Diane J. Cho
This year's winners, nominees and presenters were captured — in collaboration with Vanity Fair and Instagram — by Quil Lemons, who made history as Vanity Fair's youngest cover photographer
Her jeans featured a sustainable twist.
The model is a master of buzz-worthy sneaker style.
The French first lady of course wore her go-to heels.
The muted green has a long history of wooing homeowners.
The pieces are available exclusively at Walmart.
After a year of quarantine, many are having a pants problem. But a new pair of jeans can be the first step in getting dressed again.
The actress went chic in head-to-toe Chanel.
Here's how to win the award for Best-Dressed Guest.
The celebrity-approved sneakers just went on flash sale.
The iconic fashion designer incorporated velvet, toile, and plenty of treasures.
They're perfect for summer.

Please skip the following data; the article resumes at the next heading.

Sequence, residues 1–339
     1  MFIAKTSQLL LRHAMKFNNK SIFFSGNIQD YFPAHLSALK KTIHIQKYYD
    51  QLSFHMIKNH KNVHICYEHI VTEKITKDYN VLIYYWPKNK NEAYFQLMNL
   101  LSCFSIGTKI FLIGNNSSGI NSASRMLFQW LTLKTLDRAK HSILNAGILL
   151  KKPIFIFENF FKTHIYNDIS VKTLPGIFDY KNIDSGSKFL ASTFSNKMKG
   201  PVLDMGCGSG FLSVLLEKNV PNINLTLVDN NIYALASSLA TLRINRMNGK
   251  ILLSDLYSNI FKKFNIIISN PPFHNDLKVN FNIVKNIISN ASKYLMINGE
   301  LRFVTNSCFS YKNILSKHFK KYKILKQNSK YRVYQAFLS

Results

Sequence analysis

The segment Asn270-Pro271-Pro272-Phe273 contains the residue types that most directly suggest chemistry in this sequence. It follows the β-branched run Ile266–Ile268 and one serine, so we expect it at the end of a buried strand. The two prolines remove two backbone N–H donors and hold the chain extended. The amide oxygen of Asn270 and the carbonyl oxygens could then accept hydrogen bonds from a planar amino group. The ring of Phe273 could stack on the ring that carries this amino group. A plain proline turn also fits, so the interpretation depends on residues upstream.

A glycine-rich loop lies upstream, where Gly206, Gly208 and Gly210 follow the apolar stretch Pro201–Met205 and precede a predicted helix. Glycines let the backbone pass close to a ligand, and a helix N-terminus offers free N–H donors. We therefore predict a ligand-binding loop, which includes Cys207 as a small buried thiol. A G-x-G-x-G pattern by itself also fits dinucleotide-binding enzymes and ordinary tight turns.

After a year of exercising at home, we’re faced with a dilemma we haven’t dealt with in some time: what to wear post-workout when you don’t have time to pop by the house for a wardrobe change. Luckily, supermodel Ashley Graham just debuted the perfect gym-to-lunch look for us to mimic after our next in-person sweat session. On Wednesday, Graham was spotted in downtown Santa Monica wearing a pastel yellow anorak from the Aimé Leon Dore x New Balance collaboration, Knix bike shorts, and Nike sneakers. Elevating the otherwise sporty look, she added a quilted Bottega Veneta Cassette bag, Alighieri gold hoops, and cat-eye sunglasses. Later that day, she posted a slideshow featuring the ‘fit throughout the day on her Instagram, captioning it: “ALLERGY SZN,” though you wouldn’t know it from the photos. View this post on Instagram A post shared by A S H L E Y G R A H A M (@ashleygraham) Graham is known for this type of casual-chic street style. Last month, the model — who recently walked alongside Naomi Campbell, Bella Hadid, and Paloma Elsesser in Michael Kors’ 40th-anniversary runway show — posted a similar high-low outfit for her 12.6 million Instagram followers. The look was more lounge-forward and consisted of a similar pair of bike shorts, a brown pullover, and heeled sandals. Again, she made the look appear brunch-ready with the addition of her Cassette bag. Clearly, Graham has a solution for every one of our post-quarantine outfit quandaries. With that, shop the look below. At Refinery29, we’re here to help you navigate this overwhelming world of stuff. All of our market picks are independently selected and curated by the editorial team. If you buy something we link to on our site, Refinery29 may earn commission. Like what you see? How about some more R29 goodness, right here?Michael Kors’ Latest Show Featured Ashley GrahamAshley Graham's Bike Shorts-Heels Are Comfy & ChicAshley Graham’s Inclusive Bridal Collab Is Here